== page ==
Melbourne - Oct. 19, 2000
A few paradoxes remain about this new Mars. Chief amongst these is the Carbonate Paradox. Basic chemistry requires that if Mars had liquid water at surface for any reasonable period of time, then rapid chemical reactions between the atmospheric CO2 dissolved in the water, and the rocks of Mars, would produce copious quantities of carbonate rock. The process should be so efficient that almost no CO2 should remain, and thick deposits of carbonates should fill all the lake and ocean beds of Mars.
Despite decades of orbital and Earth-based imaging and spectroscopy, and 3 Landers, no trace of surface carbonates can be found. Plenty of young impact craters have drilled into and exposed the lake beds, yet no carbonates are seen. The only carbonates that we know of on Mars come from ALH84001, the infamous "Life on Mars" meteorite". This contains carbonate globules that defy analysis. Some investigators are adamant that they are high temperature hydrothermal carbonates formed as the original heat of the igneous rock dissipated, and water circulated through the grains. Others suggest a low-temperature and presumed near-surface origin.
There is a Volumetric Paradox associated with the outburst floods. There is only a small amount of space available between the grains of a rock, even for a loose aggregate of grains. In order to flow catastrophically across the surface, many times more water than rock is required, otherwise a thick sluggish slurry develops, with very different flow duration and deposit morphology. In order to reproduce the observed features, about 10 times as much water is required, as the volume of the chaotic zone. It is hard to store and then release this amount of water - hence the complex recycling scenarios with many smaller floods, each tapping an enlarged aquifer.
We also have to remember the Faint Young Sun Paradox. Our knowledge of stellar evolution and fusion processes suggests that the Sun has warmed over geologic time. When it was first born, it only produced 70% of its present output, increasing steadily with time. The young planets would have been colder than they now are and even more extreme greenhouse atmospheres are required to compensate for this.
Perhaps we should take a note from history and see if we are not inadvertently starting down the same road of interpreting imperfect data about Mars to get the answer we would like, rather that which is most likely. Everything about Mars agrees that it is cold and dry, except for those outburst flood channels. Is there any other way to interpret them?
The role of CO2 on Mars
Because of this, liquid CO2 cannot exist on Mars' surface despite the fact that the temperature range for Mars is perfect for liquid CO2 (except in polar regions where it is too cold). However, it is a well known fact that underground the pressure increases due to the weight of rocks overhead. One does not need to go down more than a few hundred metres before the pressure is sufficient for liquid CO2 to be stable. Of course, some sort of seal is required, otherwise the CO2 will escape up cracks and between the individual grains of Mars' regolith, but a thin layer of impervious rock, or more probably a clotting layer of water ice can easily provide such a seal.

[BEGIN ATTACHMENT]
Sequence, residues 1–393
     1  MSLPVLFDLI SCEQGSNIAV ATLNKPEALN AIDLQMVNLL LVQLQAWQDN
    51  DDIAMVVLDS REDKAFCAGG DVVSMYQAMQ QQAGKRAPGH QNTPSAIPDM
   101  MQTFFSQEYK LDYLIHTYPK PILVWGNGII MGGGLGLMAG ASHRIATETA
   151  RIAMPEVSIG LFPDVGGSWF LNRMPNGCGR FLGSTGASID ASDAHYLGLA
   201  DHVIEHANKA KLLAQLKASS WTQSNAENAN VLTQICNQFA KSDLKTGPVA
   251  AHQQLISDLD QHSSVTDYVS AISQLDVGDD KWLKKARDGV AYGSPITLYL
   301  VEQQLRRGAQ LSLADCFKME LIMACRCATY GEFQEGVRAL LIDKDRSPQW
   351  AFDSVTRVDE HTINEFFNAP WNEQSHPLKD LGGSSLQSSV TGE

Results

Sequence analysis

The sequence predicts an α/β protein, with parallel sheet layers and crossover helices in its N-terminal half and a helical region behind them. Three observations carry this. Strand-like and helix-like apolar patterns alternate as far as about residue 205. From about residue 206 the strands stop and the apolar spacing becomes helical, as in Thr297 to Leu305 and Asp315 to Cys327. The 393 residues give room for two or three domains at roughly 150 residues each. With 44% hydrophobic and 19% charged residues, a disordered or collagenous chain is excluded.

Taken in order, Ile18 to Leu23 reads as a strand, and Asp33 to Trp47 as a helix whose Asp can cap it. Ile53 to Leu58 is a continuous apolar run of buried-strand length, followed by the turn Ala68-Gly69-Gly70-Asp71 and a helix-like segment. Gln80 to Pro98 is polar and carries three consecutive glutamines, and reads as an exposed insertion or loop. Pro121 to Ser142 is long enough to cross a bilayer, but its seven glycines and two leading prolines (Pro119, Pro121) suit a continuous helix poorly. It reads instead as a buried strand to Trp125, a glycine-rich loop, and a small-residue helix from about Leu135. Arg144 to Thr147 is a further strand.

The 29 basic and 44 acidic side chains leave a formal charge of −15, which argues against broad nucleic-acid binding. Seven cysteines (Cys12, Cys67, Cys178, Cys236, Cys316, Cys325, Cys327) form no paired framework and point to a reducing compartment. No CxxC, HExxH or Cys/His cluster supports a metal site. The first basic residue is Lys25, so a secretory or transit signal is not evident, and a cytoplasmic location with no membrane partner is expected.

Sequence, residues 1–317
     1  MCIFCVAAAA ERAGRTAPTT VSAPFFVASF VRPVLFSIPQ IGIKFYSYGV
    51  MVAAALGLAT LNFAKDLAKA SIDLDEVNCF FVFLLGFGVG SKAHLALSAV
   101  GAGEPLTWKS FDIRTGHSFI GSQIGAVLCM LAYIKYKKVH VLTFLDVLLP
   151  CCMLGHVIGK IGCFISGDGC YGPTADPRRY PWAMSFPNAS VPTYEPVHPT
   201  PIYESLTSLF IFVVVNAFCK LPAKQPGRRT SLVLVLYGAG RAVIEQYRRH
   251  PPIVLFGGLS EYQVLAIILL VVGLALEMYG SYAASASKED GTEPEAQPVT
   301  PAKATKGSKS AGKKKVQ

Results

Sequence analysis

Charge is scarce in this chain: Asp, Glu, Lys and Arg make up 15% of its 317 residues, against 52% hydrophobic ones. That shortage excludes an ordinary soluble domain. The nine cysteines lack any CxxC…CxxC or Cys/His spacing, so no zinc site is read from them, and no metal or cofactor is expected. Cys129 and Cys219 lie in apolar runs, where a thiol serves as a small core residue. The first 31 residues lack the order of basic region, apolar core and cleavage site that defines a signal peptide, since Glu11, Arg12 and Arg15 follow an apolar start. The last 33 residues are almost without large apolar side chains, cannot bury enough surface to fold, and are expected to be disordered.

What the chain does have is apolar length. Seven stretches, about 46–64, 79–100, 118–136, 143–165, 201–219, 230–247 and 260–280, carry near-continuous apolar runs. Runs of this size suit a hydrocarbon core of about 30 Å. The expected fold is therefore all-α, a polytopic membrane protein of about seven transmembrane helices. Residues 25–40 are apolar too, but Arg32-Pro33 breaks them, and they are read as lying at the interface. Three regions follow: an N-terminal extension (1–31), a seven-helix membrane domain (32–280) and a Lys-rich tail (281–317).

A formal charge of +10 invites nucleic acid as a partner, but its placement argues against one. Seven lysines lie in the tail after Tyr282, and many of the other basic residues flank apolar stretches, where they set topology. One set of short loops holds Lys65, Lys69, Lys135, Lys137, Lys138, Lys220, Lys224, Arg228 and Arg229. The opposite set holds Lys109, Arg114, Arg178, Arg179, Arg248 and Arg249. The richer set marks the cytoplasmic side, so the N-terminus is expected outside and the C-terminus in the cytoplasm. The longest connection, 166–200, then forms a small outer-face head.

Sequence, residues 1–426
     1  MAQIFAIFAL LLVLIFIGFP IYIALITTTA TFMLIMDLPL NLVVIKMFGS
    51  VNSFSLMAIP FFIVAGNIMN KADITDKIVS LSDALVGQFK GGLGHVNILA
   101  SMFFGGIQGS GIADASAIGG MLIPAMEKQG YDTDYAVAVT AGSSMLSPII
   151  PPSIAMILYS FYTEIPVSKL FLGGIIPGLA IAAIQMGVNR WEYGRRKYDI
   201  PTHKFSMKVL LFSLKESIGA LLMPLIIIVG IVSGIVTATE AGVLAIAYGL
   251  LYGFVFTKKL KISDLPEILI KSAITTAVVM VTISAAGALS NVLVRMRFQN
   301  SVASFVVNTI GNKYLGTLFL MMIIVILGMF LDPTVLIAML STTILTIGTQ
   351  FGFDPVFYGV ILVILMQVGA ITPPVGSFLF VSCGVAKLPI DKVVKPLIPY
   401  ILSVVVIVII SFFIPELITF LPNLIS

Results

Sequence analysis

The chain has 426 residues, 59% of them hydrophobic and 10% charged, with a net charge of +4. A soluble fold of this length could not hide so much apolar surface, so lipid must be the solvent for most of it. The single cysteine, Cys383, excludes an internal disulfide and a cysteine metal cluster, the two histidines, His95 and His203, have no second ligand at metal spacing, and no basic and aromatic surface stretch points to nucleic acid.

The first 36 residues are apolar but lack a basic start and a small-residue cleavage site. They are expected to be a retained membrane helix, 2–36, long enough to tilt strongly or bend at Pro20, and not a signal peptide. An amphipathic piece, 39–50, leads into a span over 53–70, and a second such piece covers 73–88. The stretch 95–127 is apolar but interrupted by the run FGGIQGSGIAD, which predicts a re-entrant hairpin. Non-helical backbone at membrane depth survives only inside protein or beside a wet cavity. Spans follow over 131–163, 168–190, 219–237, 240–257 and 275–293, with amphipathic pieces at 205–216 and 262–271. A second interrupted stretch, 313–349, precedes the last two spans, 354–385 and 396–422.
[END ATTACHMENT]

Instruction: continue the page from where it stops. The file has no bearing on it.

These flows are part of a suite of "Density Flows", so named because they consist of a dense fluidised cloud that flows downhill as if it were a fluid. They have interesting properties since they are compressible, travel at very high speeds, and can also move up and over large obstacles. On Earth, giant flows of this type have crossed ranges of hills nearly 1 km high and reformed on the far side to continue their destructive advance. Other examples are Snow Avalanches, Submarine Turbidites, and Long Run-Out Rock Avalanches. These flows are capable of travelling long distances if they are either initially very large, or if they contain a source of volatiles to sustain their fluidity. Boulders of metre scale or more are easily carried for many kilometres on a cushion of hot air!
Subscribe To SpaceDaily Express
|The content herein, unless otherwise known to be public domain, are Copyright 1995-2016 - Space Media Network. All websites are published in Australia and are solely subject to Australian law and governed by Fair Use principals for news reporting and research purposes. AFP, UPI and IANS news wire stories are copyright Agence France-Presse, United Press International and Indo-Asia News Service. ESA news reports are copyright European Space Agency. All NASA sourced material is public domain. Additional copyrights may apply in whole or part to other bona fide parties. Advertising does not imply endorsement, agreement or approval of any opinions, statements or information provided by Space Media Network on any Web page published or hosted by Space Media Network. Privacy Statement All images and articles appearing on Space Media Network have been edited or digitally altered in some way. Any requests to remove copyright material will be acted upon in a timely and appropriate manner. Any attempt to extort money from Space Media Network will be ignored and reported to Australian Law Enforcement Agencies as a potential case of financial fraud involving the use of a telephonic carriage device or postal service.|